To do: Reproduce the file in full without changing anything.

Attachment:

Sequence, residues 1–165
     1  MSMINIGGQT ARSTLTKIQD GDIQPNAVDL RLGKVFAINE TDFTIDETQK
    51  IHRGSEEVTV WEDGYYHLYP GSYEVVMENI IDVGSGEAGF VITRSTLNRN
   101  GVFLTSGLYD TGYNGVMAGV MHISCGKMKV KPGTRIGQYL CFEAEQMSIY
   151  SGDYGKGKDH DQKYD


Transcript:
Sequence, residues 1–165
     1  MSMINIGGQT ARSTLTKIQD GDIQPNAVDL RLGKVFAINE TDFTIDETQK
    51  IHRGSEEVTV WEDGYYHLYP GSYEVVMENI IDVGSGEAGF VITRSTLNRN
   101  GVFLTSGLYD TGYNGVMAGV MHISCGKMKV KPGTRIGQYL CFEAEQMSIY
   151  SGDYGKGKDH DQKYD